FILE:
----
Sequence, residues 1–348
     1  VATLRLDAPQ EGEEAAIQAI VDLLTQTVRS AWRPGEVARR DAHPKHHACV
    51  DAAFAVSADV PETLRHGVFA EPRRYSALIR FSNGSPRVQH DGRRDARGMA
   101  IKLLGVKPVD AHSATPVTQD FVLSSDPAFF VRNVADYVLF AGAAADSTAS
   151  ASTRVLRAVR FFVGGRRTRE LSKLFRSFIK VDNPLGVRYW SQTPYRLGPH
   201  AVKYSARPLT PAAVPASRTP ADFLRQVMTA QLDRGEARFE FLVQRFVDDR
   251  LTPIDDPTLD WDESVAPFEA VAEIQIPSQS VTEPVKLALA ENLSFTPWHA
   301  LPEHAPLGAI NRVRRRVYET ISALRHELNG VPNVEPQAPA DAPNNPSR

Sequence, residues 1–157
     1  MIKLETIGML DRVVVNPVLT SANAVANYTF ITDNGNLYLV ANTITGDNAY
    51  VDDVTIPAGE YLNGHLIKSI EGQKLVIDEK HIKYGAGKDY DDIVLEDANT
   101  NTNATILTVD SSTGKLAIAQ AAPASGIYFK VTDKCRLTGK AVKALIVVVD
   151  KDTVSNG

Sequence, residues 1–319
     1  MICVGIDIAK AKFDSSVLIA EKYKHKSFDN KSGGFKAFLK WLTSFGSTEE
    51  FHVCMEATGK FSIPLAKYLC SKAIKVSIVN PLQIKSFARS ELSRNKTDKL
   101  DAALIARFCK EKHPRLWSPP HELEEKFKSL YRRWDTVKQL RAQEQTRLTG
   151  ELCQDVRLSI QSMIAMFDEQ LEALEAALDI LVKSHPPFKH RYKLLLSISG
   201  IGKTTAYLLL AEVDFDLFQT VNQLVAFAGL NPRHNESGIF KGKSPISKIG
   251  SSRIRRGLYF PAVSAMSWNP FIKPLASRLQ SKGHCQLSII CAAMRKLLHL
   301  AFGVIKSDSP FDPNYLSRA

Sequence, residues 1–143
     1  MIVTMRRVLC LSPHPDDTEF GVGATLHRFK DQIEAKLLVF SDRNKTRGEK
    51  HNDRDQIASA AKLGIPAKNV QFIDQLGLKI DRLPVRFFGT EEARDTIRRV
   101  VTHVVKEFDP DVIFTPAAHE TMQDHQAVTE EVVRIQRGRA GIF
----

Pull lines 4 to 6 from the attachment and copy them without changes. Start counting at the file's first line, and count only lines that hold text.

   101  IKLLGVKPVD AHSATPVTQD FVLSSDPAFF VRNVADYVLF AGAAADSTAS
   151  ASTRVLRAVR FFVGGRRTRE LSKLFRSFIK VDNPLGVRYW SQTPYRLGPH
   201  AVKYSARPLT PAAVPASRTP ADFLRQVMTA QLDRGEARFE FLVQRFVDDR